Best, Paul

  6. Paul said: “I believe the reason for this is probably our agricultural subsidies for wheat, corn, and soybeans and the high intake of toxins they have engendered.”

    I wonder. I know it’s trendy among low-carb/paleo writers to pin the health problems of America on agricultural subsidies. But I think there are several holes in that argument: 1) Much of the wheat, corn and soy production in this country is not subsidized. It is simply the result of farmers working to make a living raising a useful and marketable commodity. 2) Not all the grain and soy produced in America goes into the stomachs of Americans because: a) a goodly percentage of the grain and soy produced in this country is diverted to non-food usage, and b) many millions of bushels of grain are shipped to other countries where, in some cases, it might actually raise life expectancy by warding off starvation. 3) Except for school lunch rooms and such, people do still have a choice about what to eat. 4) It’s important not to view a correlation–agricultural subsidies/Americans’ less-than-the-best health–as causation. (I know you simply stated your own belief. But the “government subsidies=grain eating=Americans’ poor health” theme has been repeated so often, it seems to be viewed by many as fact.)

    Assuming Rosling’s chart is accurate, I think there might be other/additional things besides diet contributing to the somewhat lower life expectancy of people in the US. For example, does our higher income permit us to take more prescription drugs with nasty side effects, or undergo more risky surgeries? Does our higher income permit us to drive more cars and get involved in more fatal accidents? Etc. Etc. If all non-diet factors were ruled out (probably an impossible task), we might find diet to have no influence.

    That said, I plan to continue my low-carb, gluten-free life.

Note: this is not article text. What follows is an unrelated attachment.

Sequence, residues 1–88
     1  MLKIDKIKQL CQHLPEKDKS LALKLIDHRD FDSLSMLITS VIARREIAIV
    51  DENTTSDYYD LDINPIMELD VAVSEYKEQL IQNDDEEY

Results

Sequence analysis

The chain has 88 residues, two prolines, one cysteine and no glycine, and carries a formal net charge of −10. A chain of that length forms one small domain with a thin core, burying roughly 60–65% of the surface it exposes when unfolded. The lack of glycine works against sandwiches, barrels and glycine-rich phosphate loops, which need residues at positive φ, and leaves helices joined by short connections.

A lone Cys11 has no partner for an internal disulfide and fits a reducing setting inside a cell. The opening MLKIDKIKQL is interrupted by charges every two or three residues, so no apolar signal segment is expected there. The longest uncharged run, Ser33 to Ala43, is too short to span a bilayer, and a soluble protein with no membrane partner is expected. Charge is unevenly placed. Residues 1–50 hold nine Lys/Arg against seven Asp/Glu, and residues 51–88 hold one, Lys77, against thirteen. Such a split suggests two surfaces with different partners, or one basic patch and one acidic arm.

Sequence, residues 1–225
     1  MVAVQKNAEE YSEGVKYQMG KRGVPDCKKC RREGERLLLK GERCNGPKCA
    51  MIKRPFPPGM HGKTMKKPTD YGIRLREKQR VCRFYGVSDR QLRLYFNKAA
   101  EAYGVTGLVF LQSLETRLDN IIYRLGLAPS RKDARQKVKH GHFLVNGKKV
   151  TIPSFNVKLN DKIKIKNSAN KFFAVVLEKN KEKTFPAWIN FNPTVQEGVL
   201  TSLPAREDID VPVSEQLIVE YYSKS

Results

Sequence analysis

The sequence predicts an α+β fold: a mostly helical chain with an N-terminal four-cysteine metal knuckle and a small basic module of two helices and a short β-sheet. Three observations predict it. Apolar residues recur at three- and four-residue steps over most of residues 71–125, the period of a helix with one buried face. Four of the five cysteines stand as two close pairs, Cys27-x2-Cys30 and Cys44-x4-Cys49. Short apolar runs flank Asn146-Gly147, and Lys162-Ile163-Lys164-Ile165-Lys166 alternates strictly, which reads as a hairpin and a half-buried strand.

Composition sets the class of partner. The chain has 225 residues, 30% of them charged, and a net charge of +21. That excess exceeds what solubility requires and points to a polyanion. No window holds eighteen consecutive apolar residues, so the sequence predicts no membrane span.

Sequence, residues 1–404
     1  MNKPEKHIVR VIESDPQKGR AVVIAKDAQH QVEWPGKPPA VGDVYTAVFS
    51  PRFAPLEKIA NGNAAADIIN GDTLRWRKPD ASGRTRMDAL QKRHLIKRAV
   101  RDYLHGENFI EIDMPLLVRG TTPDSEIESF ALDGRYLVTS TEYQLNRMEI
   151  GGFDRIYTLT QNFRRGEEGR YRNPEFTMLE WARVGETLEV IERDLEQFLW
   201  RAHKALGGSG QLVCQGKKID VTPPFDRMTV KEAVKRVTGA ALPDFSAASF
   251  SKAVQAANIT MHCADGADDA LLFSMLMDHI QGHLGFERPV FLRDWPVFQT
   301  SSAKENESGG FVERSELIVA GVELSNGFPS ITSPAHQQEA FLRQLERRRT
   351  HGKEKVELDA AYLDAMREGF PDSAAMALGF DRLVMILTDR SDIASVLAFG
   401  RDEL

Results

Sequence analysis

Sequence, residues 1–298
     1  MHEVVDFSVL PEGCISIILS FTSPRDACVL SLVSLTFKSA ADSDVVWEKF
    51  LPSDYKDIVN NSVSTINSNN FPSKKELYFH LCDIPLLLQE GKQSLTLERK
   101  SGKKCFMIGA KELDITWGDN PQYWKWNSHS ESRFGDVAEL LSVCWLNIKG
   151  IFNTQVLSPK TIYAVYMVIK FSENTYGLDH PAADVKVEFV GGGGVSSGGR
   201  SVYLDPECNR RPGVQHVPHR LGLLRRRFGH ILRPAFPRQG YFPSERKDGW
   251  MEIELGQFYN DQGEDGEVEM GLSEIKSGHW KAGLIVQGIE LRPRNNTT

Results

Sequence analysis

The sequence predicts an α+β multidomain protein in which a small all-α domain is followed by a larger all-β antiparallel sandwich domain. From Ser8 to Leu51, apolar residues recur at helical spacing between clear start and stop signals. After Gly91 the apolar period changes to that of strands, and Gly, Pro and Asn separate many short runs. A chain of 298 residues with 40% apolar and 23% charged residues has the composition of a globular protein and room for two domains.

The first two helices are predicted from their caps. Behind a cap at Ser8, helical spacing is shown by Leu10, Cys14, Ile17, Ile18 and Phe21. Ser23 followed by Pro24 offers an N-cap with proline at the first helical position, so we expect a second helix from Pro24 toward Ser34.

7. Hi Marilyn,

    It’s notoriously difficult to figure out the causes of these epidemiological patterns. As you point out, that’s just my opinion. But since a wheat-based dietary pattern leads to shortened lifespans in other countries too (http://perfecthealthdiet.com/?cat=43), and we have molecular and cellular evidence for harm from wheat toxins, omega-6 fats, and corn toxins, I think there’s some evidentiary support for it.

    This health evidence is rather unfortunate for farmers at northern latitudes, since plants that flourish in the tropics tend to be healthier, but animals can detoxify wheat and corn for us, so northern farmers can make a healthy contribution to our diets by producing dairy, meat, and animal feeds.

    Best, Paul

  8. Me, being italo-german can’t help but notice that wheat can’t be the only problem (or even main problem). I mean, Italy is up there on par with france, while living on pasta and white bread like no other nation (but using much more fresh vegetables, olive oils, traditional foods etc.), while Germany (big bread eaters too, but much more open to american-like fast food) is just a bit above the US, and that with a much better health care system then Italy.
    To me that really looks like fructose, PUFA and several food additives togehter with the fact that Germans obvioulsy are fatter on average may be the bigger problem.

  9. Hi Franco,

    You could be right. Wouldn’t surprise me. Wheat is dangerous but its impact on lifespan may be more like a lottery, whereas fructose and PUFA harm everyone. They might generate a bigger impact in the longevity statistics.